This dispute between the Tannaim regarding withholding wages from the resident alien sheds new light on the development of the Halakha ending with the codified Mishna. The school of Rabbi Ishmael understood Deuteronomy 24:14 as placing the ‘brother’ and the ‘foreigner’ on equal footing on the matter of payment of wages, and concluded on this basis that the prohibition on withholding wages is also the same for both cases. The school of Rabbi Akiva, on the other hand, claimed that the foreigner noted in the Torah refers to the convert, not the resident alien, and thus the requirement of timely payment of wages applies only to the Israelite (including converts). The tosefta expresses the opinion of Rabbi Akiva couched in different language, while the mishna adopts a compromise position between the two schools; it limits itself to two prohibitions, and partially includes the resident alien in the requirement (removing the violation of withholding from an employer who fails to pay on the same day).
This difference in approach between the two schools appears in many places. The teaching of “brethren – to exclude others; fellow – to exclude the resident alien” is a familiar tag of the R. Akiva school.
The students of Rabbi Ishmael rested on the most straightforward interpretation of the term ‘foreigner’ (ger) in the Torah – a resident alien, not a convert. For example, in Exodus 23:9: “Do not oppress the stranger; you understand the heart of a stranger, since you were strangers in the land of Egypt.” Thus, except for special cases, the term ger means a resident alien, not a convert. In contrast, the school of Rabbi Akiva established that in all instances, the term means a convert, unless the word ‘resident’ is explicitly used, or obviously implied by repeated use of the word ‘foreigner’ to intend more than one meaning. The two positions represent different socio-religious outlooks, not only different methods of interpretation. The R. Akiva teaching raises hermeneutical problems as noted in the comment of Rabbi Yitzchak the Elder of Dampierre, the most famous of the Ba’alei Tosefoth: “Why would we need a separate rule for the case of the convert – is not the convert, regarding all mitzvoth, included in klal Yisrael?”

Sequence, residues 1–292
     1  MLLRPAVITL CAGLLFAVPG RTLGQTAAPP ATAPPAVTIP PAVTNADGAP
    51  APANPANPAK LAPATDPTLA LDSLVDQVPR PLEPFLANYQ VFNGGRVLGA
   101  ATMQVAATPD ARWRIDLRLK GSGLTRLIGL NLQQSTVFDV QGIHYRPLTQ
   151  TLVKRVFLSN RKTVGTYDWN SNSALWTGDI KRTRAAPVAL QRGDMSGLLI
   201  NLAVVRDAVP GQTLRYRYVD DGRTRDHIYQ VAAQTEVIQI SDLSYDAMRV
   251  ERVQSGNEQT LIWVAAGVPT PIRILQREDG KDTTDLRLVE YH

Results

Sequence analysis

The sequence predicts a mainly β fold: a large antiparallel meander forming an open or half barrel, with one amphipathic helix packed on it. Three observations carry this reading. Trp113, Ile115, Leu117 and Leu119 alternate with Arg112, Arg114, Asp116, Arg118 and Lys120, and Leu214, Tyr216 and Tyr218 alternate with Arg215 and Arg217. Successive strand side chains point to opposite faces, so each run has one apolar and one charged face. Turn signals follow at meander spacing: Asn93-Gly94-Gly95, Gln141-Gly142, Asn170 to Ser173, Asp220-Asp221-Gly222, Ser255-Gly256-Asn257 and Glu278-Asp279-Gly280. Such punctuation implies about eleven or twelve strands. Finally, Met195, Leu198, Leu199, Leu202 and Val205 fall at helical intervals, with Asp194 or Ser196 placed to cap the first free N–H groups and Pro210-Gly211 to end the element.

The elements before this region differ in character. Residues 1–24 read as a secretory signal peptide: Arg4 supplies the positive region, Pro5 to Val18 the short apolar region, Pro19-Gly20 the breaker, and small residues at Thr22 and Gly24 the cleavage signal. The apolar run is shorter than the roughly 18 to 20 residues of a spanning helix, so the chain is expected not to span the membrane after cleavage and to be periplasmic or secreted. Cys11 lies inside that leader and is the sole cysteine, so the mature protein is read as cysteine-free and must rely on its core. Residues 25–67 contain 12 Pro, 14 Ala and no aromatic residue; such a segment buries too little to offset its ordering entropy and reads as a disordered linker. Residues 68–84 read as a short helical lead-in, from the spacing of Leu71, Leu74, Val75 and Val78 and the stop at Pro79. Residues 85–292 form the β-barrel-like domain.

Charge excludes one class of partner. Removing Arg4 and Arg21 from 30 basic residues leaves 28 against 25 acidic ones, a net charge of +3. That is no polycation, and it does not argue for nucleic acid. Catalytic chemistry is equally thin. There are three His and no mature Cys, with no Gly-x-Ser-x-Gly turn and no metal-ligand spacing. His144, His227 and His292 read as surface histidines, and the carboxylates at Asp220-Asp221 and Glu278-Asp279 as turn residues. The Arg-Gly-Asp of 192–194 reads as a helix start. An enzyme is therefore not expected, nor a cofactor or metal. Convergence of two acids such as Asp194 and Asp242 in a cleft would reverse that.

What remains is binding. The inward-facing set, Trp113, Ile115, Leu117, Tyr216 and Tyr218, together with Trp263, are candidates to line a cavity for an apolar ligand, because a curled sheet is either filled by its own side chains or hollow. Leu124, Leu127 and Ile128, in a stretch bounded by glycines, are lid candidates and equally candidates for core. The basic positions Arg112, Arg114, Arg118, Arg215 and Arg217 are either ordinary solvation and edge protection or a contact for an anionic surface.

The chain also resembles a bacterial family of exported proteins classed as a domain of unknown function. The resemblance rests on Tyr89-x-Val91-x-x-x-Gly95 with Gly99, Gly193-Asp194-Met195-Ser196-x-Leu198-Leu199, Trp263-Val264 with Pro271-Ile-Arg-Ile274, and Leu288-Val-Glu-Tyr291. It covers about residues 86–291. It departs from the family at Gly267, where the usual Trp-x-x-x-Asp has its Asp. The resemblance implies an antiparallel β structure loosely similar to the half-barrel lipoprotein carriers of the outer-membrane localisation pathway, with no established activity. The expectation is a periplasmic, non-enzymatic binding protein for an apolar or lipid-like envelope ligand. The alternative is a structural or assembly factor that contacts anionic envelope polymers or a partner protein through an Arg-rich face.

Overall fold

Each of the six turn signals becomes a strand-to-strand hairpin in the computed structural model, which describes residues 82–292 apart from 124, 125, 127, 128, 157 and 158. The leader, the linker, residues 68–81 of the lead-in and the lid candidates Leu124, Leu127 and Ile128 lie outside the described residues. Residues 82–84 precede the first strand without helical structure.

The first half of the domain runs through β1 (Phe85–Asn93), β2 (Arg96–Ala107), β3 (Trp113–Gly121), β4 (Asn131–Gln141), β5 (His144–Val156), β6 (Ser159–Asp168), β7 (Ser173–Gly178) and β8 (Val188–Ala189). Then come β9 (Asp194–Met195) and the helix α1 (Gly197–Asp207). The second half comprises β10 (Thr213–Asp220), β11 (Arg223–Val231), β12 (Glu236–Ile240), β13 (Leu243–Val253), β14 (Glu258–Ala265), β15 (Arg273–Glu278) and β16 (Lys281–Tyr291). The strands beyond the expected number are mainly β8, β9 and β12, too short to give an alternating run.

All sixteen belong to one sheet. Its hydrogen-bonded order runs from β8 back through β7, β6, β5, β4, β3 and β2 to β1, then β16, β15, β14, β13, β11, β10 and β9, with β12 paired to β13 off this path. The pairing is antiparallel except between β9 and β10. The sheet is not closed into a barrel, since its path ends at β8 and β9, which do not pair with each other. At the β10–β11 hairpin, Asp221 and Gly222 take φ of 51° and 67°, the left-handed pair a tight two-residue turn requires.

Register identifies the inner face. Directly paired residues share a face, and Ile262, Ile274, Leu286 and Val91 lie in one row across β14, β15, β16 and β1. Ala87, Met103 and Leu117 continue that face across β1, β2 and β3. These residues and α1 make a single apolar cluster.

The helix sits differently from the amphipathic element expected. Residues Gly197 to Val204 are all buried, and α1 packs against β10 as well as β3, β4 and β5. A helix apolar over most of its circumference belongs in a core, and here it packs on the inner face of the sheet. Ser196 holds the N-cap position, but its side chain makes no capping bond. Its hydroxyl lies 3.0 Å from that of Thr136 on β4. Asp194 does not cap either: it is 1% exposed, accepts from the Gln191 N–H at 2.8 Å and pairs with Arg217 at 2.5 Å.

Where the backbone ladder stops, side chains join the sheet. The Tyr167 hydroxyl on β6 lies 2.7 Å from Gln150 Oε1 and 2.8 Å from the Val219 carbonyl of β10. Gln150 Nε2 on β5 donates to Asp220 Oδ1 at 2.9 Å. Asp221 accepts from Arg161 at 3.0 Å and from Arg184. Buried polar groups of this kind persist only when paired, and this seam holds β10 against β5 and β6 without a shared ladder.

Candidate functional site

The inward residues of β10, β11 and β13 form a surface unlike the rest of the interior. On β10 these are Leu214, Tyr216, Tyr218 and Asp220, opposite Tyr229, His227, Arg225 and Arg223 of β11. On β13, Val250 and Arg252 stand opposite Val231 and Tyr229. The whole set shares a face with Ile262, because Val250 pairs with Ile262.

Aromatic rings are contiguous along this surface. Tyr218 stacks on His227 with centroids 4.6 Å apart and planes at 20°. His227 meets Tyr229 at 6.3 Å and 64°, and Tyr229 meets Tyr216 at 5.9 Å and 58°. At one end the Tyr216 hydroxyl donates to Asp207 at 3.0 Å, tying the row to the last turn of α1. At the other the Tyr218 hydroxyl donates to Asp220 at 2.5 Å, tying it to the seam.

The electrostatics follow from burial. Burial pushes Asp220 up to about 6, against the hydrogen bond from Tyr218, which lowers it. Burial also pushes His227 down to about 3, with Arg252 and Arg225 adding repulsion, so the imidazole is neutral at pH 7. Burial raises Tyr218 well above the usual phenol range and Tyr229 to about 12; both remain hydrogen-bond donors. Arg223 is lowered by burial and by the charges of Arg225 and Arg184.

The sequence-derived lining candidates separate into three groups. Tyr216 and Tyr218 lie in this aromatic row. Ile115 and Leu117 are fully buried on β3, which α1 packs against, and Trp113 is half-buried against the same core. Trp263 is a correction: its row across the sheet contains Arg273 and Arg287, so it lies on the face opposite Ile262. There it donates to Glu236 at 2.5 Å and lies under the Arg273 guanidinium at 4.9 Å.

Nonetheless, both Talmuds adopt the interpretation and school of Rabbi Akiva, and thus Halakha rules that the withholding violation pertains only to an Israelite worker [Rambam Hilchot Schirut 11:1 follows the Mishna, but Shulchan Aruch Choshen Mishpat 339 omits the resident alien completely). This, as well as even more extreme rulings, confront us with no small challenge in creating a society in which Jews and non-Jews are equals.
We would do well to heed the tenet of Rabbi Ishmael (Sifre Bemidbar 39): “In speaking to Israel on matters that pertain to all people, this includes the resident aliens.” That is to say, in matters of social justice and welfare, “Speak unto the children of Israel” includes the resident alien as well. In the words of Abraham Joshua Heschel in Torah From Heaven, “the time has come to adopt the teaching of Rabbi Ishmael.”
Note: For further explanation of the sources used in compiling this article, please refer to the footnotes in the Hebrew version.
Dr. Moti Arad is a lecturer of Talmud, Jewish Law and Midrash at the Schechter Institute of Jewish Studies.
English translation by Penina Goldschmidt.
Image Credit: Perhelion